A question I ask new entrepreneurs

I’m not an investor, although I have put some money into a few friend’s businesses. What I try to be instead is a helper — an advisor with no strings attached.

If someone wants to give me some equity I may take it, but I don’t ask for it and I generally don’t want it.

If someone asks me to help, and I like them, and I think I can help them, then that’s what I’ll do. Getting anything in return turns it into a deal and an obligation. I don’t want deals or obligations— I just want to help.


If I’m considering helping a new entrepreneur I’ll often ask them if they’ve ever worked retail. In a shoe store, a grocery store, a clothing shop, front of the house in a restaurant, etc. I want to know if they’ve had to work with the public. Sell to the public. Improvise with the public on the spot.

I want to know if they’ve ever had to make someone a customer. Or watched one walk away.

No retail experience doesn’t disqualify them, but it’s a bit of a red flag for me. I like people who’ve had to sell before. I like people who’ve worked retail. There’s no better lesson in business than the experience of dealing with the public in person.

If you think presenting to an investor is hard, try convincing a 70 year old to switch shoe brands or buy a different kind of peanut butter. Or trying to explain the subtle difference between two tennis rackets to a mother who has a 2 year old melting down at her feet and tugging aggressively on her purse. Or trying to explain why your shirts are worth $10 more than the exact same ones online.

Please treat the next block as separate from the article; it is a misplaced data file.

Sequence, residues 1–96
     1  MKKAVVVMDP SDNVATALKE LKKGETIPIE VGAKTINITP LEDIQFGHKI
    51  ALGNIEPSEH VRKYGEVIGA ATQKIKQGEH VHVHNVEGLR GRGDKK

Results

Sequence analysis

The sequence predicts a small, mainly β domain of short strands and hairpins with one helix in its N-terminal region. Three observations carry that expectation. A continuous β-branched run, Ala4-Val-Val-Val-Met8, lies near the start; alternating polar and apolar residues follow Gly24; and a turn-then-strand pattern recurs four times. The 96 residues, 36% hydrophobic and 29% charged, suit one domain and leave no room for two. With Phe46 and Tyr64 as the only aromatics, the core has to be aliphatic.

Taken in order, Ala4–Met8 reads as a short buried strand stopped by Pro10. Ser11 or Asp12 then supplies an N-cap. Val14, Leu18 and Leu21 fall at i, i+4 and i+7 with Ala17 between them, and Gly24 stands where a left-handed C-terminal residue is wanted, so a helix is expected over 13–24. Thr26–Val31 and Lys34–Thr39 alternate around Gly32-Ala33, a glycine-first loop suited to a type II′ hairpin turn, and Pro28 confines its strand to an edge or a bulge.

A few months ago I met a guy who was running a pop-up tea shop here in Chicago. I’m a tea guy so I dropped in to check the place out. We had a great conversation — I think I spent a couple hours there. We kept in touch.

Recently we caught up again to talk tea and business. He’s going all-in — opening up his own tea shop here in town. Not too far from where I live, thankfully. I’ll be a happy customer.

He asked me if I’d get involved. I told him I’d help. I liked him, I think he’s got a good idea, and it’s a business I’d like to see open up. He’s got something. Very tough business, it’s going to be very hard to make the economics work — and he knows that — but he’s the guy to try.

But what really impressed me was the way he was planning on using his time over the next few months before his place was ready to open. He was planning on getting part time jobs at local tea and coffee spots to sharpen his feel for how customers buy these products. Not how the shops work, but how the customers work. How the public behaves.

I like that. A guy who’s going to get a part time job as research to start a business. Part of building his business is to go to work for someone else.

I’ve met a boatload of entrepreneurs, and I can tell you many of them would see that as beneath them. Part time jobs, or working for someone else, were things they used to do. Why do that again?

I see it differently. I see humility. I see a student. I see someone devoted to learning, observing patterns, honing his senses, and sharpening his mind until it’s go time. It’s a great way for him to spend his time.

He’s the kind of guy I like to help.

Warren Buffet on scheduling meetings

photo by Michael Prince for Forbes

I recently heard about Warren Buffet’s approach to scheduling meetings. I can’t confirm this is true (I’ve never met him), but I hear from a reputable source that he usually doesn’t set up meetings more than a day in advance.

If someone wants to see him, they are told to call and set up the meeting when they can see him tomorrow. So if you want to meet with him next Friday, you call next Thursday and say “Can I see Mr. Buffet tomorrow?”

I love the simplicity of the rule: I can see you today if you asked me yesterday, but I can’t fill up my schedule any further in advance. This way he can determine how he wants to spend his time within the context of the next 24 hours instead of booking things weeks or months in the future. Now his schedule is relevant instead of prescient.